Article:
As CEO of GE Transportation, she helped oversee GE Transportation’s Brilliant Factory initiative, the business’s digital transformation, and opened markets around the world and revenue opportunities outside the traditional verticals.

“Leading GE Transportation the last few years has been one of the greatest honors in my career,” Miller said in a statement. “We developed products and services our customers needed to move goods more efficiently, reliably, and safely in today’s challenging marketplace. The business also opened up exciting commercial opportunities in markets with tremendous growth potential like Egypt, India, and Kazakhstan.”

GE Transportation has a locomotive assembly plant in Lawrence Park, Pennsylvania, near Erie, and two engine plants in Grove City, Pennsylvania.

A new CEO of GE Transportation will be named in the coming weeks. In the interim, Pascal Schweitzer, GE Transportation’s global services leader, will serve as acting CEO.

GE to Cease Making Locomotives in Erie

July 28, 2017

GE Transportation said this week that it would end locomotive production at its Erie assembly plant by late 2018.

The company said that the design and develop center at the plant will remain open. The plant will also make prototypes and spare parts. Approximately 575 workers will lose their jobs.

The announcement cited downturns in freight traffic and a global market for locomotives. Locomotive production once done in Erie will be consolidated in an assembly plant in Fort Worth, Texas, which opened in 2013.

Opened in 1910, the Erie plant, which is located in Lawrence Park township, once employed 2,000. The workforce has been steadily reduced in recent years.

Aside from the Erie plant being old, it was also more costly to operate.

The Erie Times-News reported that the average salary of a production worker in Erie is more than $30 per hour where new hires at the Fort Worth plant are paid about $17 per hour.

The Erie plant was unionized but the Texas plant is not.

Earlier this year, GE Transportation CEO Jamie Miller said the the company would focus on the global new locomotive market.

In the past year GE has landed an order for 1,000 locomotives to be built for Indiana and 133 for South Africa.

In North America, GE is going to emphasis re-manufacturing older locomotives and upgrading the technology on those units to monitor performance.

Orders for new locomotives in North America have all but vanished with Class 1 railroads mothballing more than 4,000 locomotives in response to a freight recession that began in 2015 and management practices that are seeking to move tonnage in fewer trains.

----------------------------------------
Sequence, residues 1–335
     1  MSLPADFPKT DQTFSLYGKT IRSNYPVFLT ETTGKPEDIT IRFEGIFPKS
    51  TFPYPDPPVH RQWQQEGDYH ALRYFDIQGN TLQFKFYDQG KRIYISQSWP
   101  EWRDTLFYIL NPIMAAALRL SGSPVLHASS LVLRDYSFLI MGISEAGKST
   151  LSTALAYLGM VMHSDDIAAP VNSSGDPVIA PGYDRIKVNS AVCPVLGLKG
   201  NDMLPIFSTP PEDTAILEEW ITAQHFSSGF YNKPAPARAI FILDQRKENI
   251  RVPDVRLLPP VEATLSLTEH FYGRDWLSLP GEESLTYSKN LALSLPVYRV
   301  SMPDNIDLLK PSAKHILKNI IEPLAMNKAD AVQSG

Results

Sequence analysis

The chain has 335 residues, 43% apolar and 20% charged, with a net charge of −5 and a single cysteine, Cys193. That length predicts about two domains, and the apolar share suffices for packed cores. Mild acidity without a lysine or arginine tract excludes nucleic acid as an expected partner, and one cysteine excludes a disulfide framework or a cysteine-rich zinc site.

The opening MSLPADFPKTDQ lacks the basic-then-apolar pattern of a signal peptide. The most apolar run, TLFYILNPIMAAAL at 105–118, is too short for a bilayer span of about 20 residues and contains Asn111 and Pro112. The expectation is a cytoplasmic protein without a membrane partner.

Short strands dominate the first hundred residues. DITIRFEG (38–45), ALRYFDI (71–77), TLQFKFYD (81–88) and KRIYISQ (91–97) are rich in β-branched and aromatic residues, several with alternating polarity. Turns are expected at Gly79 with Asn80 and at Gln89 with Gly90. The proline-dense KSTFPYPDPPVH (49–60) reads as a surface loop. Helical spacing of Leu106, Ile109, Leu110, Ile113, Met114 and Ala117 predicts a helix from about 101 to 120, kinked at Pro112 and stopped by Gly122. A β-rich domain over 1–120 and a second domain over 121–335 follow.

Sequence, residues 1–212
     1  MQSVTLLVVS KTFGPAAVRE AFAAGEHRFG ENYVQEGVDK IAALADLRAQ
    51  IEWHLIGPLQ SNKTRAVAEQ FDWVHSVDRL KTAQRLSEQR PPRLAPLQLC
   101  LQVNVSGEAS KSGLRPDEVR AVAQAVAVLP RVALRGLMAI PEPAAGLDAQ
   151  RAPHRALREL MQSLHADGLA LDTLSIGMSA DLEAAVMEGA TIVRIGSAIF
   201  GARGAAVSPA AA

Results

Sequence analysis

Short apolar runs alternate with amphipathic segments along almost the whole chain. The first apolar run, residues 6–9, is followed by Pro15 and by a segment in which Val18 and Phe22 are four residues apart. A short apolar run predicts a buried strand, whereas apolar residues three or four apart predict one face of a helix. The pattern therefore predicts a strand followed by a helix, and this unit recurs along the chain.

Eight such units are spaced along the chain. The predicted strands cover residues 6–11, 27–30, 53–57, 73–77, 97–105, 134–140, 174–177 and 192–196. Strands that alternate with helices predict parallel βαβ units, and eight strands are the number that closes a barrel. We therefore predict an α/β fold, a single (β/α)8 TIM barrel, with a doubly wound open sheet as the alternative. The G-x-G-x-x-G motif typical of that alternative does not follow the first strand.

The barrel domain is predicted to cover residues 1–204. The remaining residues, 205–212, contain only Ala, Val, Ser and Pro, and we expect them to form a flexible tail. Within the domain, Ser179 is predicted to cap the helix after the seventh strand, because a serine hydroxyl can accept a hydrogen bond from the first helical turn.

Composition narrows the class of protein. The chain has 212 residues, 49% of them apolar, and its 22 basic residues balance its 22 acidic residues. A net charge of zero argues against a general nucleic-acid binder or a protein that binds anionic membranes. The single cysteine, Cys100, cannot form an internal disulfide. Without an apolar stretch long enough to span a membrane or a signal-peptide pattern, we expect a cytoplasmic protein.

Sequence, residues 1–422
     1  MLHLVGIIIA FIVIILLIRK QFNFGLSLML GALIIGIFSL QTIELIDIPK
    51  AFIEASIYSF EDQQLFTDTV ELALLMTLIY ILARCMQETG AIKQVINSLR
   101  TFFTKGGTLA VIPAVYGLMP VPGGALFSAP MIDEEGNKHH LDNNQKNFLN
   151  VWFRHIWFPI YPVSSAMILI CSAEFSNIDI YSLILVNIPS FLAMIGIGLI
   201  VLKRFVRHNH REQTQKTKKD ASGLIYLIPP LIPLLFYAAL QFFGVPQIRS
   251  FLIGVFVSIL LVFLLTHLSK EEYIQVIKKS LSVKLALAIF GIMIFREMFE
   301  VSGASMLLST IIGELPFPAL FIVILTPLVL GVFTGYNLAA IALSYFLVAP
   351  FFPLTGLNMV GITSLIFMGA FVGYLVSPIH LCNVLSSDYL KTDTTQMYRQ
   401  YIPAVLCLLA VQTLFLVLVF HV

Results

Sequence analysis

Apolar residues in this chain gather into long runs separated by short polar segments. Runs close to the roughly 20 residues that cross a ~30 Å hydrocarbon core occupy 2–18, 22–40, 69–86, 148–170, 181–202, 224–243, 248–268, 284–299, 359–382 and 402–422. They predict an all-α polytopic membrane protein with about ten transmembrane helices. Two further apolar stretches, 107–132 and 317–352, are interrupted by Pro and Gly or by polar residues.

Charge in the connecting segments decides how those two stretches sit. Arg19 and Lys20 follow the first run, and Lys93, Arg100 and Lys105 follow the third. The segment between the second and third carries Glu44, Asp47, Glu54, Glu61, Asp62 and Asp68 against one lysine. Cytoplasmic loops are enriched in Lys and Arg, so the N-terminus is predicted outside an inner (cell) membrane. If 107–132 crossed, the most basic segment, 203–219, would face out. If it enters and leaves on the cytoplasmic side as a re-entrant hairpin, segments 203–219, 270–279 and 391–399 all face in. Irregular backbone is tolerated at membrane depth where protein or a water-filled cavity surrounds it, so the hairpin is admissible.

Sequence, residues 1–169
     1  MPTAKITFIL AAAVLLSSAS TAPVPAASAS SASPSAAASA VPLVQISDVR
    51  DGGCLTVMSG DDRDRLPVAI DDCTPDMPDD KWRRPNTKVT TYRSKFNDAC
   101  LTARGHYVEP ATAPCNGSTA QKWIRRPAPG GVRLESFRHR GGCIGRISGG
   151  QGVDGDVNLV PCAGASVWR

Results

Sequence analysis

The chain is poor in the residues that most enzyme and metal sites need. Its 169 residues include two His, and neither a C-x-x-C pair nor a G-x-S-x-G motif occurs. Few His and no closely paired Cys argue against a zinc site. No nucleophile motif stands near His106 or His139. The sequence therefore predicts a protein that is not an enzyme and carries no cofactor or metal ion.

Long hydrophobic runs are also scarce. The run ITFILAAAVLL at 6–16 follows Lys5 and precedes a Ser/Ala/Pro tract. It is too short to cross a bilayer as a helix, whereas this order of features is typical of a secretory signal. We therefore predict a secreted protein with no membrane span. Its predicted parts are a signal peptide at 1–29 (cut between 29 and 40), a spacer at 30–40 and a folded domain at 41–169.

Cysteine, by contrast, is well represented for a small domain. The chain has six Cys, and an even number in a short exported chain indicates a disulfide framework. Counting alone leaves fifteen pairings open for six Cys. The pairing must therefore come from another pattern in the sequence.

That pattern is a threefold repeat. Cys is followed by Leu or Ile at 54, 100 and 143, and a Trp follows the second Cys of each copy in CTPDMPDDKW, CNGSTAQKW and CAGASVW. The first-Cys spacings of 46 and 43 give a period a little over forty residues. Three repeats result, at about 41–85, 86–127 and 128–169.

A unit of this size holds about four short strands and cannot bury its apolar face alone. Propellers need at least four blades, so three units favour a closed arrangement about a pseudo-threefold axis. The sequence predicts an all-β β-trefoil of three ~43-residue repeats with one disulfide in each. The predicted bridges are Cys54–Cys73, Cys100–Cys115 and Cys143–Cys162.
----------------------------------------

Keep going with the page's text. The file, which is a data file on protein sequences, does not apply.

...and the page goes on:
General Electric itself has been in turmoil in the past few months with CEO Jeffrey Immelt stepping down an activist hedge fund pushing GE management to step up its cost cutting.

GE said earlier this year it would reduce expenses by $2 billion over the next two years.

NS Now has 28 Tier 4 ET44ACs on Hand

June 8, 2016

Twenty-eight of the 47 Tier 4 locomotives that Norfolk Southern has ordered from General Electric Transportation have been shipped to the carrier.

Thus far GE has released Nos. 3601-3614, 3616-3628, and 3630 from its Fort Worth, Texas,  plant.

NS logo 2The units move over the BNSF to Memphis, Tennessee, where NS takes possession of them.

Trains magazine reported that the assembly of the rest of the units, which are the first NS has purchased from GE to be built in Texas, is largely complete.

The ET44ACs will have roster numbers 3601 to 3647. NS accepted the first of the order in late May.

NS To Take Delivery of Tier 4 Locomotives

May 20, 2016

General Electric Transportation expects to deliver Tier-4 compliant locomotives to Norfolk Southern this spring, making it the fifth Class I railroad to receive ET44ACs.

The units are being built  in Fort Worth, Texas, and are part of a 47-unit order.

NS logo 2Tier 4 emission standards were issued by the U.S. Environmental Protection Agency and took effect last year.

The first of the locomotives, No. 3600, will be tested by the Southwest Research Institute in San Antonio before being delivered to NS. The units will have roster numbers 3600-3646.

NS also has on order three ES44AC locomotives that meet Tier 3 emission standards, but are permitted under existing regulations by having the builder apply emission credits already banked toward the locomotives.

Those credits were earned by applying energy-saving design technologies to locomotives already built and in operation.

Carrying roster numbers 8166-8168, those units are being built in Erie, Pennsylvania.

Canadian Pacific and Kansas City Southern are the only North American Class I railroads that have yet to buy Tier 4-compliant locomotives.

GE Pushing Internet Connectivity in Locomotives

March 22, 2016

General Electric expects that more than 3 million locomotives and other GE-built products will be connected to the Internet by 2020.

The company said in a recently published report that digital interconnectivity plays a critical role in its newer locomotives and industrial vehicles developed and produced by its transportation division.

GE transportation“By the end of 2016, we expect it to have 200,000 assets under management, 100 GE applications and 20,000 developers creating many more applications,” said GE CEO Jeffrey R. Immelt.  “Our aspiration is to offer with every GE product a pathway to greater productivity through sensors, software and big-data analytics.”

GE estimates that more than 700 of its locomotives that meet Environmental Protection Agency Tier 4 emission standards have digital components that have saved their railroad owners $197 million in fuel expenses.

Digital components also have reduced the amount of time needed to make a diagnosis of problems and to make repairs.

Norfolk Southern began to adopt in 2010 GE’s Movement Planner software to streamline train operations.

In its factories, GE uses Predix software, a cloud-based productivity management system that may have applications for the railroad industry.

GE Transportation, which has an assembly plant in Erie, Pennsylvania, produces the majority of locomotives for the North American market.